At this point we have survived the 34 mph corner as we approached it at 50 mph, just by closing the throttle and grabbing a downshift. Engine-braking has gotten us to or below 34 mph. But we have done it out of control because engine-braking is not something we can adjust, which defines control.
Every motorcycle has a maximum speed in which it can safely complete a corner due to many factors. Here a limited lean angle is a dominant factor. – Jeff Allen
We need brakes. We need to realize that we closed the throttle because our brains said, “Slow down to make that corner.” As we approach the same corner the next weekend or the next lap with more speed, say 75 mph, rolling off the throttle and downshifting will not get us to or below 34 mph. We need to roll off the throttle to the brakes, then downshift to put our bike in the gear needed for the exit, and also to help slow us. I’ve written a lot about which brake, but the best riders prioritize the front brake over the rear brake because it better controls steering geometry, and our gloved fingers have more feel than our booted feet.
In an instant of brake-lever squeeze, we have taken control of our corner-entry speed with a component that is adjustable and repeatedly gets us to exact speeds. Riders, this is the missing ingredient in the riding of so many YCRS students. They are trying to increase their speed with the hugely wrong decision of using less brakes. That is 100-percent incorrect.
The faster we approach the corner, the more brakes we will need to get the bike consistently to the speed at which our lean angle allows us to stay on line. Sitting there, you are hearing the truth of that message, yet riders are dying by running wide in corners. Knee-jerk reaction is that they are riding too fast, but in truth, these riders are failing to control the speed their acceleration produced.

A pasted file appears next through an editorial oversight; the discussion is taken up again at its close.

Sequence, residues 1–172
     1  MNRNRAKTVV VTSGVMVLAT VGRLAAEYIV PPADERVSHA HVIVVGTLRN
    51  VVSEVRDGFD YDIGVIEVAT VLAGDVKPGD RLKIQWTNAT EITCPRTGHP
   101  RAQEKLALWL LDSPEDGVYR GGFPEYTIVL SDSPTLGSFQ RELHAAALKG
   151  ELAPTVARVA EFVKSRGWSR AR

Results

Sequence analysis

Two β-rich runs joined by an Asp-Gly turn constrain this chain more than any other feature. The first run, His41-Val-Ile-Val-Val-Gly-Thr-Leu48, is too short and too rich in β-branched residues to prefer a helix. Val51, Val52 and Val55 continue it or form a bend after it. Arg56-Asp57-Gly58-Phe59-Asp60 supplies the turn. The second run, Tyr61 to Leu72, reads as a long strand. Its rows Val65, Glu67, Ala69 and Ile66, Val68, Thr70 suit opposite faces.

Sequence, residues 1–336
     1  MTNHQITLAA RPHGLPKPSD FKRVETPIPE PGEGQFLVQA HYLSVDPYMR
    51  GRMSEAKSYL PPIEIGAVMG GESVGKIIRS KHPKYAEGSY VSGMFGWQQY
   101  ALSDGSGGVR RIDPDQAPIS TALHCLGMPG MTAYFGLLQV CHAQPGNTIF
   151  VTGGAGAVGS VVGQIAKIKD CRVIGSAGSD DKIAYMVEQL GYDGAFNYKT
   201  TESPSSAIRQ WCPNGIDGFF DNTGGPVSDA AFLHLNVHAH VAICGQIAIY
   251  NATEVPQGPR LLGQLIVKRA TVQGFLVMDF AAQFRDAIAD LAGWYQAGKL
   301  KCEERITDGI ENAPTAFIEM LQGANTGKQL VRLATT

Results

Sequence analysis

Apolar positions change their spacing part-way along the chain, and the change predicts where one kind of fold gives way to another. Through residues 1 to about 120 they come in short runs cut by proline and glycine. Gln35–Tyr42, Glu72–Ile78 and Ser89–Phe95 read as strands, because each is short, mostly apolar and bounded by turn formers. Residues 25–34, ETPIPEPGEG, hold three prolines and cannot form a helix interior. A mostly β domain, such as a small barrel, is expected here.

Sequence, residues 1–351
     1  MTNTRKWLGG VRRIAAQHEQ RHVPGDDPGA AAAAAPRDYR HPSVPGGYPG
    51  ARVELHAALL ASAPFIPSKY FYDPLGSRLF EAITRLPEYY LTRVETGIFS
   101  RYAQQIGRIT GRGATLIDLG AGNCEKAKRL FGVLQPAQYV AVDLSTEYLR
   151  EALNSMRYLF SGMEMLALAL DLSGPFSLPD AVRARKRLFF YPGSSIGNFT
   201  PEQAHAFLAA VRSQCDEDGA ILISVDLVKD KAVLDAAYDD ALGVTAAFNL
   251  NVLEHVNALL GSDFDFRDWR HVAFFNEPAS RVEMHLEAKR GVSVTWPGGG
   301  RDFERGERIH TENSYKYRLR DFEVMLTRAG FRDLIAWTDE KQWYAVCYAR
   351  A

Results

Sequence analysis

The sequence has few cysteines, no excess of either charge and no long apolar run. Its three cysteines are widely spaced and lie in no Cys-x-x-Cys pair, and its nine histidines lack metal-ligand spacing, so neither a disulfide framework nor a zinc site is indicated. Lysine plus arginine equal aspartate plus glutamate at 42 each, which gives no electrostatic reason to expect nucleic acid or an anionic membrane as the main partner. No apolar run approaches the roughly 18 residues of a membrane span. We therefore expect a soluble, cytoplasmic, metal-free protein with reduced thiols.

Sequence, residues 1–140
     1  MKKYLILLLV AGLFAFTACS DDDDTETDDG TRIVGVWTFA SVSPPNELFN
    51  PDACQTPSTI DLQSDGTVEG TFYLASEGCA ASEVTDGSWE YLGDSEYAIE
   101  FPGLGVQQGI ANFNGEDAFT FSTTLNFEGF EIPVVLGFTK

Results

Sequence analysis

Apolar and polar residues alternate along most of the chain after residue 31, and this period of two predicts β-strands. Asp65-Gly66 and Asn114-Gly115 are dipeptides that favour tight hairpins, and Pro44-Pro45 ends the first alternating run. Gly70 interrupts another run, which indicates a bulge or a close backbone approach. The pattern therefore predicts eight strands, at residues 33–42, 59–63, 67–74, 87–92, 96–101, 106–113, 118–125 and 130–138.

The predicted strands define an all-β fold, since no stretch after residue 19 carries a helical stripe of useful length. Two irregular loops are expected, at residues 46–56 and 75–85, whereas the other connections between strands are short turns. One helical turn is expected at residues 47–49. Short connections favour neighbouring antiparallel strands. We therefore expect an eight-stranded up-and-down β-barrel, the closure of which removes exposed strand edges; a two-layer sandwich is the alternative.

In my job at Champ School I have watched slower riders run wide in corners even though they approached those corners 20 mph slower than my instructors. The instructors approached the corner faster and went to the brakes to control their speed and steering geometry, while the slower riders entered the corner with less mph but no control in place. No brakes. As they attempted to ride faster with that technique, they ran wider and wider, relying only on lean angle to make the corner. Is lean angle infinite? Are we all comfortable leaning over to 64 degrees like our GP heroes? No, and no.
Drama results not from too much entry speed, but a lack of controlling that speed all the way to the corner’s slowest point (nowhere near the turn-in, by the way) with trail-braking, which we call Brake-Assisted Steering. Big speed on the street is insane due to the number of uncontrolled variables, but outright speed is not the issue in the vast majority of “running-wide” crashes. It’s a lack of control, a lack of braking and trail-braking.
I’ll close Year of the Brake Light Part 1 with a long caption to this simple illustration of two corner-entry approaches. The speeds noted are street speeds, but the faster the speeds, the more this counts.
Rider A believes in engine-braking and closes the throttle at 65 mph quite early and then downshifts. This rider is hoping the engine decelerates him/her enough to make the corner, in this case: 34 mph at the lean angle they are comfortable with at the corner’s slowest point. As this rider tries to go faster, or the corner is tighter than expected, this style becomes increasingly more difficult; making the corner begins to depend on lean angle and hope. This approach is eventually scary and often leads to a lack of riding and a bike sale…if injury and death are avoided.
Rider B carries their speed longer into the corner because they have the confidence of slowing and turning their bike in less time and distance. They are significantly “faster” farther down the straight, but use the brakes to finely control their entry speed.
Rider B doesn’t roll off the throttle and hope the bike slows to 34 mph or less; Rider B rolls off the throttle and brakes to guarantee that speed. Because the brakes are an adjustable and repeatable control, this approach allows this rider to precisely match their speed, and thus their cornering radius, to every corner they encounter. Consistency and confidence soar. Lap times drop. It’s fun. It’s fast. It’s efficient. It’s safe. It’s trophy-winning. It’s industry-growing.
At the exit of this corner, Rider B accelerates because they plan to use their brakes for the next corner. Rider A’s plan to decelerate and hope in the next corner begins to severely limit acceleration, and enjoyment. Rider B is consistently faster but, as we’ll discuss next week, also safer.